13. I bought several boxes of these at a local store and headed to the range with all the magazines of my PT92 topped off. The first five rounds were nowhere near center at 10 yards. they were not grouped to the side either. After finishing the first mag with similar results, I began to field strip my firearm, thinking something was wrong. The range Master walked over to me and told me what type of ammo I was shooting, but I didn’t bring the box, just the ammo. He offered to watch my firearm if I wanted to get a different box in the shop. I had brought a box of a different brand that I normally shoot, so reloaded the magazine at put the next 15 in the red. The range master walked over to me and said that brand either shoots accurately or doesn’t, just seems to depend on the firearm. I talked with other folks that seem to love them, I will not buy them again. I would not recommend buying 1,000 rounds until you test 150 of so. But that is true with most low priced ammo.

  14. Back in the ’90s, I got my hands on a Russian-made firearm. My first run to the range, I wanted a decent but cheap target ammo, and chose the UMC (made by Remington) cartridge. Unfortunately, the cartridge was NOT mil-spec, despite the fact that there were NO non-military chamberings in that cartridge at that time, and the primer was too soft. The floating firing-pin triggered a primer without the hammer striking as the bolt carried forward, and luckily my new firearm did not explode in my face. I switched to Russian-made, Russian Mil-Spec steel-cased, lacquer-coated cartridges for that particular firearm, and never used anything else in it again. 100% reliability, fine accuracy, consistent load. Never bought UMC again either… The biggest issue is that the Russian ammo uses corrosive powders, so cleaning the gun after each range session is more important.

    Nice to see an American-made alternative being offered.

  15. Winchester told me the Forged cases were boxer primed and reloadable, and my samples were and lasted for over six reloadings each.

    Did they change to a berdan primer?

    1. If you are interested in bullet separation friction, the amount of force required to push the bullet from the case the best way is to use an impact slider vertical drop metering recorder. Not cheap, but works perfectly.

      If you just want to check at minimal cost get an internial bullet extractor and compare the amount of force to take care of the issue with rounds you have been using. That will let you know if it is pulling out too easily or requires too much force.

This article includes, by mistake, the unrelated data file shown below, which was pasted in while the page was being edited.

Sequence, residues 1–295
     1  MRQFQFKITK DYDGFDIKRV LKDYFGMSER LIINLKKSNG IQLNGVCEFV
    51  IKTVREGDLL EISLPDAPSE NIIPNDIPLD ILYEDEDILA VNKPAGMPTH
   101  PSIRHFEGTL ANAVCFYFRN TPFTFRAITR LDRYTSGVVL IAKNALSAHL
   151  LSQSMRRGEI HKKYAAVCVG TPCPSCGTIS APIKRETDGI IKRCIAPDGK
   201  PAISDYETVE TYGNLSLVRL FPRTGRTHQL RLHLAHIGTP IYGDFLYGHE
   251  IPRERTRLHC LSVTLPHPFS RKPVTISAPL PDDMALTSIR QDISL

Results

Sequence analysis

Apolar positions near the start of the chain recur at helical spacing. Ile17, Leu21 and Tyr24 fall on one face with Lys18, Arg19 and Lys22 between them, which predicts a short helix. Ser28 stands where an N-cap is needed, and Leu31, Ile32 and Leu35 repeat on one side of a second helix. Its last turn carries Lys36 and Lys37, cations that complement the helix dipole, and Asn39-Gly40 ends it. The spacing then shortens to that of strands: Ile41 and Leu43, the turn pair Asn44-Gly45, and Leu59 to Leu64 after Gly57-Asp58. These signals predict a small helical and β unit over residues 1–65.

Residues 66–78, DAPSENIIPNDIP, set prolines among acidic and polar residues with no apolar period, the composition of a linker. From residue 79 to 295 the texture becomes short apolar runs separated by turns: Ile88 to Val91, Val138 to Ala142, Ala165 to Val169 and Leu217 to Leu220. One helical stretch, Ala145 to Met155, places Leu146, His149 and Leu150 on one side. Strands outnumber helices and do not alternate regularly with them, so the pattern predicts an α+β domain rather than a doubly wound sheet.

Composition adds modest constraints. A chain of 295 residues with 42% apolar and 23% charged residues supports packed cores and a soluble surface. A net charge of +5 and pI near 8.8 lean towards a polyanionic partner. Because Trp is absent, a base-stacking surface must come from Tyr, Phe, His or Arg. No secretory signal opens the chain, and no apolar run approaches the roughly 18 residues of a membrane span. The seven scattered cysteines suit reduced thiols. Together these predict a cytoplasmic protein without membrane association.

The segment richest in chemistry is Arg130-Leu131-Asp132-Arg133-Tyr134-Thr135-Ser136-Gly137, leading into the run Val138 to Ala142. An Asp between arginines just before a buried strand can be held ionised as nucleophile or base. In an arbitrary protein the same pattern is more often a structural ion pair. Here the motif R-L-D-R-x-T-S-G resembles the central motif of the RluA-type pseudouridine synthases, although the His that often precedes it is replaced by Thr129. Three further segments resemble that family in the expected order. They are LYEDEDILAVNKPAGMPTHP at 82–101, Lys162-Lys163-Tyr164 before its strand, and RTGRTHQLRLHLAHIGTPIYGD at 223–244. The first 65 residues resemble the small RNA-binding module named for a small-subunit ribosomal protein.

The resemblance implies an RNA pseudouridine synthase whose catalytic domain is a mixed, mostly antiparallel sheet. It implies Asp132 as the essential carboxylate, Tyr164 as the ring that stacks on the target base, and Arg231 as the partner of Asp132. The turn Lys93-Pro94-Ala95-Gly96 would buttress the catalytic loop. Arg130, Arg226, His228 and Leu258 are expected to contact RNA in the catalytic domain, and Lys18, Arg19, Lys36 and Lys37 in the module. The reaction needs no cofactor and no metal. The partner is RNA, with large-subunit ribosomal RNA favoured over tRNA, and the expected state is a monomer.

Case expansion is a simple micrometer meas for both inside and outside for both the mouth and mid-body sizes.

      For high speed automated loading control of case mouth friction is vital for high speed loading, an old rock chucker is much, much more forgiving.

      I guess part of it is that I started with EC steel 45 cases back in the early seventies and did not have tons of gloom and doom internet warbling to make it sound highly exotic.

    2. Interestingly, somehow– either in spite of or because of the use of spell checking, inertial wound up with an “n” stuck in the middle.

      If you want to search online for an inertia bullet puller it helps if the spelling is correct. I apologize.

    3. If you enlarge the picture of the box shown you will see on the side it shows the rounds features. It shows boxer primer in this picture.

  16. Cheap, Made in USA…all GOOD. Reliability…not that important due to range (only) ammo.

    But…how will it affect my firearm? Will it create more wear then brass? I don’t want to be penny wise, dollar foolish.

    1. Case causing chamber wear is usually a bogus claim.

      This suggestion is for any steel cased ammunition– the quick and easy way to see if it will cause greater than normal is to pick up the empty cases and see if you can find anyplace that the coating on the case has been removed. If not, then the case is riding on the coating, and you can take your pocket knife and determine that the coating is softer than your barrel by a large amount.

    2. Some Soviet 7.62x54R steel case WW2 vintage ball ammo has case necks which were not expanding to seal from gas flow, and which were “gas burn roughening” the chambers, and some steel cased Italian .30 Carbine ball did the same thing.

      In neither case was it all of that caliber, just particular lots of that ammunition.